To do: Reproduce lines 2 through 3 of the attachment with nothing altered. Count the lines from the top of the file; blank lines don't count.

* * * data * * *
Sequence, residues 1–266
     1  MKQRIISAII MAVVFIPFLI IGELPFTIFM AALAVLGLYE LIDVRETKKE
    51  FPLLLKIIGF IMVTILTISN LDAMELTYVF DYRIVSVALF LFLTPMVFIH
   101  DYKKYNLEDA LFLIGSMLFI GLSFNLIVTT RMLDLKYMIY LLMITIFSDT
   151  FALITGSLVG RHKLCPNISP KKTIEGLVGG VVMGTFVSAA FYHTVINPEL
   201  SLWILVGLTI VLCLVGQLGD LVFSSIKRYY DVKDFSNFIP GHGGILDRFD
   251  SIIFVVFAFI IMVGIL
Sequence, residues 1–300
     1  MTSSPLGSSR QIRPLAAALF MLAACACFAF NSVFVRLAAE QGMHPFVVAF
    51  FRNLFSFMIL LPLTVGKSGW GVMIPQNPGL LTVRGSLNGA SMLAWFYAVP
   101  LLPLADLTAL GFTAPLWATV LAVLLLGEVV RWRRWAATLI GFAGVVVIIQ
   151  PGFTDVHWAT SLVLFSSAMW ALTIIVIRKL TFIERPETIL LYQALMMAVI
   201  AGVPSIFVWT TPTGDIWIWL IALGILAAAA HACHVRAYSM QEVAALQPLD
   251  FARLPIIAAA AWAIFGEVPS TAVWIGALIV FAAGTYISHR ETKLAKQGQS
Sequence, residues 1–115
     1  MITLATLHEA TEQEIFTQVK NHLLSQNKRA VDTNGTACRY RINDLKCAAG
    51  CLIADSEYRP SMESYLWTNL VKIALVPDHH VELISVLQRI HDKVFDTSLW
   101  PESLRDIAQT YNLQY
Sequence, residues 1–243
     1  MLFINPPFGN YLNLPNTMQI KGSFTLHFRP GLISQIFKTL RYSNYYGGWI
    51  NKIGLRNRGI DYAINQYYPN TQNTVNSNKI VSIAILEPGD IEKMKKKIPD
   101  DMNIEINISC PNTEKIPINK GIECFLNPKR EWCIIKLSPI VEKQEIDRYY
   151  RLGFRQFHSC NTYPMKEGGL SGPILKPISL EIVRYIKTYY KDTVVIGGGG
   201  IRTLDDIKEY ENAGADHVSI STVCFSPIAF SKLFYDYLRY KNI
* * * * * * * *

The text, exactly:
     1  MKQRIISAII MAVVFIPFLI IGELPFTIFM AALAVLGLYE LIDVRETKKE
    51  FPLLLKIIGF IMVTILTISN LDAMELTYVF DYRIVSVALF LFLTPMVFIH